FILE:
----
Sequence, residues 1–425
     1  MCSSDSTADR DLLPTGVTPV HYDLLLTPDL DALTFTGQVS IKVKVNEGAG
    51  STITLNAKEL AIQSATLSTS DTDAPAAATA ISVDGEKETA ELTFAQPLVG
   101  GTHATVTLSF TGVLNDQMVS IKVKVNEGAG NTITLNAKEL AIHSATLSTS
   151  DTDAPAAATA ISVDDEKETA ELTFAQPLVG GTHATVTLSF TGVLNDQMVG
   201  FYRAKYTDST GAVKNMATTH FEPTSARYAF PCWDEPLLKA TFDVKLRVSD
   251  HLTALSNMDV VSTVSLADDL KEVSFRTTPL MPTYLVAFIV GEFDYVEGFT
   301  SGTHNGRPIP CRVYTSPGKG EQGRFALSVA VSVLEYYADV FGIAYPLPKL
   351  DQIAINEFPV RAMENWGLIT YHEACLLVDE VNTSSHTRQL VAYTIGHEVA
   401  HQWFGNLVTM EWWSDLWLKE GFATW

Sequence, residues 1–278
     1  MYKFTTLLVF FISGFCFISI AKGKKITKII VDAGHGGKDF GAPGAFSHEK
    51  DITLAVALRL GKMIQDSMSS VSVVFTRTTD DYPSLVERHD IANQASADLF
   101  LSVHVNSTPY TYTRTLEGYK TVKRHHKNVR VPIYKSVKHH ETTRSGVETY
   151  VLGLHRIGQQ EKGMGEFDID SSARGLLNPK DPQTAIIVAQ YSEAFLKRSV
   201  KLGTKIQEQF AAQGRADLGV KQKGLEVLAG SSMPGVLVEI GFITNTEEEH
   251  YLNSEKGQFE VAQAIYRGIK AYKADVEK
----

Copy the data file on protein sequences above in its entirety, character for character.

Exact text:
Sequence, residues 1–425
     1  MCSSDSTADR DLLPTGVTPV HYDLLLTPDL DALTFTGQVS IKVKVNEGAG
    51  STITLNAKEL AIQSATLSTS DTDAPAAATA ISVDGEKETA ELTFAQPLVG
   101  GTHATVTLSF TGVLNDQMVS IKVKVNEGAG NTITLNAKEL AIHSATLSTS
   151  DTDAPAAATA ISVDDEKETA ELTFAQPLVG GTHATVTLSF TGVLNDQMVG
   201  FYRAKYTDST GAVKNMATTH FEPTSARYAF PCWDEPLLKA TFDVKLRVSD
   251  HLTALSNMDV VSTVSLADDL KEVSFRTTPL MPTYLVAFIV GEFDYVEGFT
   301  SGTHNGRPIP CRVYTSPGKG EQGRFALSVA VSVLEYYADV FGIAYPLPKL
   351  DQIAINEFPV RAMENWGLIT YHEACLLVDE VNTSSHTRQL VAYTIGHEVA
   401  HQWFGNLVTM EWWSDLWLKE GFATW

Sequence, residues 1–278
     1  MYKFTTLLVF FISGFCFISI AKGKKITKII VDAGHGGKDF GAPGAFSHEK
    51  DITLAVALRL GKMIQDSMSS VSVVFTRTTD DYPSLVERHD IANQASADLF
   101  LSVHVNSTPY TYTRTLEGYK TVKRHHKNVR VPIYKSVKHH ETTRSGVETY
   151  VLGLHRIGQQ EKGMGEFDID SSARGLLNPK DPQTAIIVAQ YSEAFLKRSV
   201  KLGTKIQEQF AAQGRADLGV KQKGLEVLAG SSMPGVLVEI GFITNTEEEH
   251  YLNSEKGQFE VAQAIYRGIK AYKADVEK